Trump’s Public Charge Rule For Immigrants Officially Goes Into Effect Following Supreme Court Victories

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Jason Hopkins Immigration and politics reporter
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The Trump administration officially implemented its public charge rule for foreign nationals seeking permanent status, following two key victories in the nation’s highest court.

The Department of Homeland Security (DHS) on Monday put into effect the administration’s new public charge rule, which takes into account a foreign national’s past use of taxpayer-funded benefits when determining whether that individual qualifies for a green card. The rule, which the White House first introduced in 2019, survived a lawsuit that reached all the way to the Supreme Court.

“President [Donald] Trump continues to deliver on his promise to the American people to enforce our nation’s immigration laws. After several judicial victories, DHS will finally begin implementing the Inadmissibility on Public Charge Grounds final rule,” Ken Cuccinelli, the acting deputy secretary of DHS, said in a statement Monday.

“This rule enforces longstanding law requiring aliens to be self-sufficient, reaffirming the American ideals of hard work, perseverance and determination. It also offers clarity and expectations to aliens considering a life in the United States and will help protect our public benefit programs,” Cuccinelli continued.

Health And Human Services Department Hold Media Briefing With President Trump's Coronavirus Task Force

Homeland Security Acting Deputy Secretary Ken Cuccinelli speaks during a press conference on recent developments with the coronavirus with other members of President Trump’s Coronavirus Task Force at the Health and Human Services headquarters on Feb. 7, 2020 in Washington, D.C. (Photo by Samuel Corum/Getty Images)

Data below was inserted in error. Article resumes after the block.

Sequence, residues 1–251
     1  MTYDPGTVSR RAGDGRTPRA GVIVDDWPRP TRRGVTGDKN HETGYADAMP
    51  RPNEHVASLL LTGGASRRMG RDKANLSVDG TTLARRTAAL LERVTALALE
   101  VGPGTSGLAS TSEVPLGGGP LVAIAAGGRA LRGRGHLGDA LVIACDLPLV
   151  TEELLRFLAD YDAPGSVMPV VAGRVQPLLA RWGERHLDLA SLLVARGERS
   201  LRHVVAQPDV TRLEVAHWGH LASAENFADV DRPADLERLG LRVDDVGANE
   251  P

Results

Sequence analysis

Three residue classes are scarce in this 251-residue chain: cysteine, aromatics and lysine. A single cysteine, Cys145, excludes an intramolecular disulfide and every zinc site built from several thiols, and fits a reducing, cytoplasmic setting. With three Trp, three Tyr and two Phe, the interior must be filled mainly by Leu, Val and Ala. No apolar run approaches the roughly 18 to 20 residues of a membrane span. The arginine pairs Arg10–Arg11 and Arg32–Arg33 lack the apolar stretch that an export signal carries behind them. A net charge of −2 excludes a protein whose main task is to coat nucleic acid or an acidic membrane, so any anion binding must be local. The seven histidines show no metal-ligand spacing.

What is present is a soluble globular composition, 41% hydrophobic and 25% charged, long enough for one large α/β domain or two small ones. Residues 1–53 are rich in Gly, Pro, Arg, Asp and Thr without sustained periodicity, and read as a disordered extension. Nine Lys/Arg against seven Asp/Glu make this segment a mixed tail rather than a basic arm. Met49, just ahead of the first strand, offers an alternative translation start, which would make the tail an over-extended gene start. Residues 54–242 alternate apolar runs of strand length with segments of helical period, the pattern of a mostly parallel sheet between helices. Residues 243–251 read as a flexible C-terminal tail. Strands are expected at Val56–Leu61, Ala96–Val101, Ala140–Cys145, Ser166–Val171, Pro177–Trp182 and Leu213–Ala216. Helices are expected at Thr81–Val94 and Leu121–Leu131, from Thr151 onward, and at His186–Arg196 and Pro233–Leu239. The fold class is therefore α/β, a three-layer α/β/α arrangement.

Under the public charge rule, permanent status can be denied to applicants who have a history of using government-funded benefits and deemed a “public charge” on the U.S. government.

A green card applicant’s past use of food stamps, Medicaid, cash assistance, Section 8 housing or other government-funded benefits is taken into consideration when determining whether that individual qualifies for permanent status. U.S. Citizenship and Immigration Services (USCIS), the agency under DHS that manages legal immigration, can look into an applicant’s use of public benefits over a 12-month period within any given 36-month period during their time in the country, per the rule’s new guidelines.

While the public charge rule has been in place for years, the redefined definition now includes these non-cash assistance programs.

The proposal was immediately met with opposition among immigrant rights advocates when it was introduced in August 2019.

U.S. District Judge George Daniels issued a pair of nationwide injunctions on the public charge rule in October 2019, ruling that the Trump administration did not offer a reasonable explanation for its new definition. The 2nd U.S. Circuit Court of Appeals affirmed this decision, prompting the White House’s emergency application to the Supreme Court.

The Supreme Court lifted the injunctions in a 5-2 decision in January, allowing the Trump administration to move forward with the rule in every state except Illinois. In yet another victory for the White House, the Supreme Court allowed the rule to be implemented Friday in Illinois as well, giving it an impact to every part of the country. (RELATED: The Trump Admin Is Waiving Contracting Laws To Expedite Border Wall Construction)

The public charge rule is part of Trump’s focus on immigration, making the subject one of the most monumental issues ahead of the 2020 presidential election.

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